Sony Bravia XBR KDL-55XBR8 55-Inch 1080p 120Hz Triluminos LED LCD HDTV

  • 16:9 Full HD 1080p Resolution Panel (1920×1080)
  • TRILUMINOS RGB Dynamic LED Backlight Display
  • BRAVIA Engine 2 PRO fully digital video processor
  • Motionflow 120Hz PRO technology
  • DMex capable
Product Description
The Sony BRAVIA XBR8-Series HDTVs represent the next step forward for Sony HDTV technology. Underpinning this advance is the TRILUMINOS RGB Dynamic LED backlight, which utilizes clusters of red, green, and blue LEDs to produce accurate colors and an amazingly realistic image, and employs local dimming to dynamically adjust the brightness of LED clusters, allowing the XBR8 to display deep blacks alongside bright whites for enhanced image depth and exceptional shadow … More >>

Price: $7,599.00

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5 Responses to “Sony Bravia XBR KDL-55XBR8 55-Inch 1080p 120Hz Triluminos LED LCD HDTV”

  1. R. D. Smith says:

    I actually own one. It is hard to imagine how a picture on a TV based on the current ATSC encoding could look any better. The blacks are “black-black”. The colors are intense. The picture is bright. The only limitation I can see has more to do with the source material than with the TV itself.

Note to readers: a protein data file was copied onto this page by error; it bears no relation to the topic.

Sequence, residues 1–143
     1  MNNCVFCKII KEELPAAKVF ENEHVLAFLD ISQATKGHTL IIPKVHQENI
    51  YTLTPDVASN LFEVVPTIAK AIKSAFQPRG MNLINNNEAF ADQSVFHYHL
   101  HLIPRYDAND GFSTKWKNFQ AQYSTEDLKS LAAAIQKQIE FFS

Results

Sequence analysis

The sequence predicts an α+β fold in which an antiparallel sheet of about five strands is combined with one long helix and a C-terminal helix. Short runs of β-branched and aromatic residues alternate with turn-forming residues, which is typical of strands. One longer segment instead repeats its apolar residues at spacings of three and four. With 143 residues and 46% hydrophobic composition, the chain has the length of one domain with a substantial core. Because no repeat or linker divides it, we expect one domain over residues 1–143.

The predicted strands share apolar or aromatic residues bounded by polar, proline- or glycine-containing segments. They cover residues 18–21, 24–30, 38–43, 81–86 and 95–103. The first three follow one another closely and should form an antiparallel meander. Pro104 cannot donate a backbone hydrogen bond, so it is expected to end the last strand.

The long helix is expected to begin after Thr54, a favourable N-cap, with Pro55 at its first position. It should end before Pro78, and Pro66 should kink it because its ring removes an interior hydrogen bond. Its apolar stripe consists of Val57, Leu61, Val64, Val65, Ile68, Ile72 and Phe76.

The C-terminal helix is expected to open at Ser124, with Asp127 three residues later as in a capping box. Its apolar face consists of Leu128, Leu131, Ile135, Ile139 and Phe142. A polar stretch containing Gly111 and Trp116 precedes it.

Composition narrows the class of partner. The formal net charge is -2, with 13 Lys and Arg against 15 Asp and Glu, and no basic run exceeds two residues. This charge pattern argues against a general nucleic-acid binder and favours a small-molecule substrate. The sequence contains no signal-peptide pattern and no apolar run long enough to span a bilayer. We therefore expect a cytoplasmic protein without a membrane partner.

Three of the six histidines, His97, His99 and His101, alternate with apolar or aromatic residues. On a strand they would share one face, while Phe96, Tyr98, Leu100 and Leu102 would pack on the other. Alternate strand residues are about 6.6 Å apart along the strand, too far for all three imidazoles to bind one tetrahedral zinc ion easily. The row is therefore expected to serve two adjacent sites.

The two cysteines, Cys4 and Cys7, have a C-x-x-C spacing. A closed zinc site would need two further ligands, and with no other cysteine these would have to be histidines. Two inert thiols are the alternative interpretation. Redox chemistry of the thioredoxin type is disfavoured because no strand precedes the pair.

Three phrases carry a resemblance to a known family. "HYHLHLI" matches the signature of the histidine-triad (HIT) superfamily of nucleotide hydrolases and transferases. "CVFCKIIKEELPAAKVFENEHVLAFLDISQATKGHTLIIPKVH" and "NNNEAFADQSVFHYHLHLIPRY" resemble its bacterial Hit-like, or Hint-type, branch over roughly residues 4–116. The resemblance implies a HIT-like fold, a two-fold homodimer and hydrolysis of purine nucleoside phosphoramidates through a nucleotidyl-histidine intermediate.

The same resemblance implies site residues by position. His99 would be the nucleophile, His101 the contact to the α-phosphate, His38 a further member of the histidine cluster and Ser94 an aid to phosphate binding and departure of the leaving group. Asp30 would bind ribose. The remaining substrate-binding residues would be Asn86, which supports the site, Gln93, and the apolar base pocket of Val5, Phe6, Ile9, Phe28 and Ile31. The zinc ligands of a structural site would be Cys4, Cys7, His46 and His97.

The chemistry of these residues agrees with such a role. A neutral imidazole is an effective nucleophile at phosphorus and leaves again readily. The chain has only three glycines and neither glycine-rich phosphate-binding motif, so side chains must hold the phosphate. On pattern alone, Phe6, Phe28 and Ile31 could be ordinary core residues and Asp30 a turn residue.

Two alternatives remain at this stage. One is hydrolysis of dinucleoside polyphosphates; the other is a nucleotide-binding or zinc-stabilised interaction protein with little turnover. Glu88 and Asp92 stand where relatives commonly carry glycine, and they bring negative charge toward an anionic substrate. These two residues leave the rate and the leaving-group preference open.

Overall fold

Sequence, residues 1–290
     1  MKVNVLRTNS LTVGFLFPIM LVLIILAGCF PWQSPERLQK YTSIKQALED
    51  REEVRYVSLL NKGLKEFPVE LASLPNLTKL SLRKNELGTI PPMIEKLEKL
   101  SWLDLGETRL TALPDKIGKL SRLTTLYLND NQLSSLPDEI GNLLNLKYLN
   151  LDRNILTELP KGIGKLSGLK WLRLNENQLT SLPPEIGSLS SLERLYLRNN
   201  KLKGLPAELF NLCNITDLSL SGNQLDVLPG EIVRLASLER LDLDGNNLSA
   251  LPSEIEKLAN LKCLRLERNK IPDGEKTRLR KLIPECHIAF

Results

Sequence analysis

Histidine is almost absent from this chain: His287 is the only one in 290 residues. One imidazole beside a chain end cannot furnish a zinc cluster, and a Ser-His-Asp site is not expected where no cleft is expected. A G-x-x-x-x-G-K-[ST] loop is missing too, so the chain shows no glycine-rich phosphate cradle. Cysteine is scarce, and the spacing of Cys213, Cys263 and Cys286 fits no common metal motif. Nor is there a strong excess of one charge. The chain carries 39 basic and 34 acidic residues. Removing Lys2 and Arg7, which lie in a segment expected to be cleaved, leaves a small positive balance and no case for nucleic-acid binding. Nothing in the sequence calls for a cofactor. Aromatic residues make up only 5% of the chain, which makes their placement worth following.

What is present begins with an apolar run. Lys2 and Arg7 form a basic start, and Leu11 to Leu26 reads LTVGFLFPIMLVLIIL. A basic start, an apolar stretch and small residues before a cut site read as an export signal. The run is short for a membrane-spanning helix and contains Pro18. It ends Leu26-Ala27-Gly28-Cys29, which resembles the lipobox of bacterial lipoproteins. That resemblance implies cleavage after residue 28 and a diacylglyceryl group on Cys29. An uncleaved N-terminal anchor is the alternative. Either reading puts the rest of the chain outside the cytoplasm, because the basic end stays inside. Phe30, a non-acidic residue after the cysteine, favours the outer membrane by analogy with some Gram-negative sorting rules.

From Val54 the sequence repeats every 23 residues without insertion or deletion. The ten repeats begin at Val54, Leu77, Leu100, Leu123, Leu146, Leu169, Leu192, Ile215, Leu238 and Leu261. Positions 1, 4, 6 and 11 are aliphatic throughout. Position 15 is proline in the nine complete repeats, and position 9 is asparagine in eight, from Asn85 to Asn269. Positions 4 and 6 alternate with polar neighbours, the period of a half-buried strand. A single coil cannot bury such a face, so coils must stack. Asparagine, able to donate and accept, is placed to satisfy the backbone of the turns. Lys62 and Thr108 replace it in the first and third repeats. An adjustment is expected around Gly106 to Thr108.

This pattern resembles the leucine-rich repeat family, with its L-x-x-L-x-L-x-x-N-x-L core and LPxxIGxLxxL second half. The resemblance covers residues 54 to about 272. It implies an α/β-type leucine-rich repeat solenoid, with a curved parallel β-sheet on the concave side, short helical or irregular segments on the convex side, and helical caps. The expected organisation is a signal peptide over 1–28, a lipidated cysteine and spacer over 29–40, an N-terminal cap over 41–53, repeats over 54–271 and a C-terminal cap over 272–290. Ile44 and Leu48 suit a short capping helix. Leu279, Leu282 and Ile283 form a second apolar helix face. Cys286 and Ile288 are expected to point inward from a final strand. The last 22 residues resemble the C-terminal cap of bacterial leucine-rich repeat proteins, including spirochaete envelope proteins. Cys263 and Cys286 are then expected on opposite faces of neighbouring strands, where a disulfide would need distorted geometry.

I have DirectTV HD and Sony blu-ray, I also have rabbit ears for local TV. I will for the purposes of this review, ignore Analog TV and VCR, both of which are beyond obsolete.

    With standard 480 source, the mosquito filtering is poor or non-existant. I am not sure if this is because of the TV, because of the upscaling of the DirectTV HD-DVR or because of the original network processing. However with true HD source (either 720P or 1080i), the results are stunning. The 3-D processing (two dimensions of the picture and one dimension of time) to interpolate intermediate frames is just stunning. With any other TV, I have learned how to see the macro blocking when the compression is running at the limit, but this TV does an incredible job of not only smoothing out the inter-frame judder, but it remarkably sharpens the picture for those interpolated frames as well. When I pause a picture with the DVR, you can see macro blocks, but as soon as you press “play”, you can actually see the motion processor cutting in.

    The results with a good blu-ray disk are, well, get your popcorn and 64 oz cup of soda because it is better than a movie theater since it is brighter.